One of the most visited museums in Italy, the Uffizi Galleries in Florence, is both host and subject of a video exhibition inviting reflection on the “identity of today’s tourism, and in particular on the habit of looking at artworks (and not only) through smartphones, video cameras and similar devices,” as explained on the Uffizi’s website.
“Grand Tourismo,” commissioned by the Uffizi Galleries, is the work of Florence native Giacomo Zaganelli. Composed of three videos, Illusion, Everywhere but Nowhere, Uffizi Oggi (Uffizi Today), it can be seen in room 56 on the first floor (until July the room housed Hellenistic marbles, which were then moved to a different room as part of the recent re-arranging of the Galleries).
Illusion, set in the streets of Florence, focuses on how the habit of snapping pictures has become mechanical and redundant (sounds familiar?); Everywhere but nowhere, set in Palazzo Strozzi, shows the exasperated use of electronic devices; and Uffizi Oggi , shot on an ordinary Sunday at the Uffizi, is “a personal reinterpretation and an unconventional viewpoint on what happens every day in front of Botticelli’s masterpieces like the Birth of Venus or the Spring.”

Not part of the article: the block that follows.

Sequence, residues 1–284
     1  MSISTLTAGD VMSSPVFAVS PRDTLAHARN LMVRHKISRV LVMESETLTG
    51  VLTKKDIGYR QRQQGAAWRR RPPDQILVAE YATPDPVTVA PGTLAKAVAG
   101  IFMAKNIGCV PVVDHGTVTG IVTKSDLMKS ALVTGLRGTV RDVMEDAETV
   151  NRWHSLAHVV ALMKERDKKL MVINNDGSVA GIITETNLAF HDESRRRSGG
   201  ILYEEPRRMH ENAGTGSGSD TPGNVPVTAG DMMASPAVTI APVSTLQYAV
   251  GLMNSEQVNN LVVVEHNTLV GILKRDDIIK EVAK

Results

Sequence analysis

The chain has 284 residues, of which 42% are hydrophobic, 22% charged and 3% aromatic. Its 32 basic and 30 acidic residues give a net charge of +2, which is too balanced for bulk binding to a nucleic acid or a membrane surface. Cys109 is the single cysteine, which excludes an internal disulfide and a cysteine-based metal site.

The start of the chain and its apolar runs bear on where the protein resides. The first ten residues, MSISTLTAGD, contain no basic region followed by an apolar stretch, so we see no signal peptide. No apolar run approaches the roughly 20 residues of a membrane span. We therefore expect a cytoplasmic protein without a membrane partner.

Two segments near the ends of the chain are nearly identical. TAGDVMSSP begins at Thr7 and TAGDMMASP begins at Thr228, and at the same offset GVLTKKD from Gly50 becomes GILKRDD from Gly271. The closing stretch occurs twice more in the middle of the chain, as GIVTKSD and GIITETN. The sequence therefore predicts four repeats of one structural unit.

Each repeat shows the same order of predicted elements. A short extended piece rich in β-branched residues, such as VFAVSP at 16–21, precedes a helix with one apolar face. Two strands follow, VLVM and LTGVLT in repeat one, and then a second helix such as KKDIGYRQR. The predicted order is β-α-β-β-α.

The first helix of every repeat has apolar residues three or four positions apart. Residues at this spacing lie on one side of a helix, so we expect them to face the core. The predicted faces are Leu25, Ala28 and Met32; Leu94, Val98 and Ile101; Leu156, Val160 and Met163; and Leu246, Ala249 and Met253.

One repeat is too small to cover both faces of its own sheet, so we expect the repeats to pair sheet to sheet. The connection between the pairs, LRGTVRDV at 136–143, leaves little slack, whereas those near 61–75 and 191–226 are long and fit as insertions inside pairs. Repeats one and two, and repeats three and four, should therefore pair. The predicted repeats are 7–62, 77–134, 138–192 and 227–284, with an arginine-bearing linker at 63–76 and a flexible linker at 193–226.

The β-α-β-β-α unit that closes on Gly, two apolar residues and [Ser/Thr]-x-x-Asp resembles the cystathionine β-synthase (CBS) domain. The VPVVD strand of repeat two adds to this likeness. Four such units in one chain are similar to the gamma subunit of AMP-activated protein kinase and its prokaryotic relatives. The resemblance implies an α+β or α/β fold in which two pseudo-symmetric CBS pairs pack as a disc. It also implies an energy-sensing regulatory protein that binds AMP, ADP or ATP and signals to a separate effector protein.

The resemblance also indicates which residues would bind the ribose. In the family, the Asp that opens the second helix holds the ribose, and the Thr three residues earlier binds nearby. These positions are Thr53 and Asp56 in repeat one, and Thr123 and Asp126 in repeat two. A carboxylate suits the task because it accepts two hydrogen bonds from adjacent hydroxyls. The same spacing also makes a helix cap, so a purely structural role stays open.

As pointed out on the Uffizi’s website, the three videos “are meant to be a sort of break of the public’s visit where each visitor is thus expected to reconsider the experience s/he has just gone through.”
Giacomo Zaganelli’s “Grand Tourismo” was curated by Uffizi director Eike Schmidt and Chiara Toti, and is on view until October 14, 2018.
Why do we hurry to take a photo as soon as we see a famous work of art (or monument or landscape) rather than stopping to savoring it with our own eyes? And in doing so, how much are we losing of the actual experience?
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Photo credits: Uffizi Galleries.